End-of-financial-year promotions and discounts have not been enough to arrest a sharp fall in retail sales in Canberra and across the country.
Shop turnover slumped by 1 per cent in the ACT in June, contributing to a 0.8 per cent decline nationwide as households responded to the pressure from rising living costs and high interest rates to pull back heavily on discretionary spending.
The June fall in national turnover, the largest since December last year and much weaker than markets had expected, has intensified speculation the Reserve Bank of Australia is close to, if not already at, the peak of the current interest rate tightening cycle.
The strength of household spending has been a key area of uncertainty for the central bank in deciding whether or not more rate hikes are needed. The result, combined with data showing inflation dropped to 6 per cent in the June quarter, could convince it to keep the cash rate steady at 4.1 per cent.
Markets had put the likelihood of an August 1 rate rise at just 10 per cent before the latest data release, though economists at Westpac, Commonwealth Bank and HSBC still expect the RBA board will increase the official cash rate to 4.35 per cent next Tuesday. ANZ economists tip an extended pause.
Overall, the annual rate of retail sales slowed to 2.3 per cent in June, which Westpac economists said was comparable to subdued levels reached just before the pandemic.
Westpac senior economist Matthew Hassan said that, on a per capita basis, annual retail turnover was "basically flat".
ANZ economists Madeline Dunk and Adam Boyton said the fall in the value of turnover suggested the volume of retail sales in the June quarter shrunk by 0.5 per cent, the third consecutive quarterly decline. The only other time this has occurred was during the global financial crisis, they said.
"[The] fall in retail sales paints a stark picture about how households are dealing with the current economic environment," the ANZ economists said. "Spending is slowing as household budgets are squeezed by rising mortgage repayments and cost-of-living pressures."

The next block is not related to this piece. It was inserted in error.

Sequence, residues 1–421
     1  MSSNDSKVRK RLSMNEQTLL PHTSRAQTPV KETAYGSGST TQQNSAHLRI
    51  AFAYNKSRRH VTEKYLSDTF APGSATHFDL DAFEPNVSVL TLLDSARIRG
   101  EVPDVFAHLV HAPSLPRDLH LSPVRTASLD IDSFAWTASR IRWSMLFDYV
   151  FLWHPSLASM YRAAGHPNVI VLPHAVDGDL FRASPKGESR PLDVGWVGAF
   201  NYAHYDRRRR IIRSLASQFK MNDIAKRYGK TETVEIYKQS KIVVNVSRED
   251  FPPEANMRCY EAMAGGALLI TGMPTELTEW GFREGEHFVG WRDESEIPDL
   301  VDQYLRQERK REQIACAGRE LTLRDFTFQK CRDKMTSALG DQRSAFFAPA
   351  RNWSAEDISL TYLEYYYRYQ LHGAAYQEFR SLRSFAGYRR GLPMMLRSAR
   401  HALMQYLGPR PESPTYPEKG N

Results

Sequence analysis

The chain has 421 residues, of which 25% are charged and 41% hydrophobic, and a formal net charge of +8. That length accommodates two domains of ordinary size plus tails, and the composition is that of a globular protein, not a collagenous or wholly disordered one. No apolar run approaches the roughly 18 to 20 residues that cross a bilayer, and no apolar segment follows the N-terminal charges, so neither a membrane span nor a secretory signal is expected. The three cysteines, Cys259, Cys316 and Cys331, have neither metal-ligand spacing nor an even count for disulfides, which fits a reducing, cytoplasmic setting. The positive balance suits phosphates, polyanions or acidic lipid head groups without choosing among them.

The Australian Bureau of Statistics retail figures show families are trimming their spending on discretionary items.
Even restaurants, cafes and takeaway food outlets, which have experienced a virtually unbroken run of growth in sales since the start of 2022, suffered a moderate 0.3 per cent drop in turnover.
The one area to experience a lift in the value of purchases was food. Turnover in the sector increased by 0.1 per cent as households prioritised essential spending and inflation pushed up prices.
ABS head of retail statistics Ben Dorber said families were responding to the rising cost of food by "changing to cheaper brands or by simply buying less".
Mr Dorber said the June sales slump showed the 0.8 per cent spike in turnover the previous month, driven by extra discounting and promotional events, was temporary.
Meanwhile, growth in the prices paid by producers in making and delivering goods and services is continuing to moderate.
The ABS's producer price index increased 0.5 per cent in the June quarter, its smallest increase in more than two years, dragging annual growth down to 3.9 per cent after reaching 6.4 per cent late last year.
The ABS said the increase was largely driven by the construction sector, where ongoing skills shortages and elevated materials and energy costs continued to drive prices higher.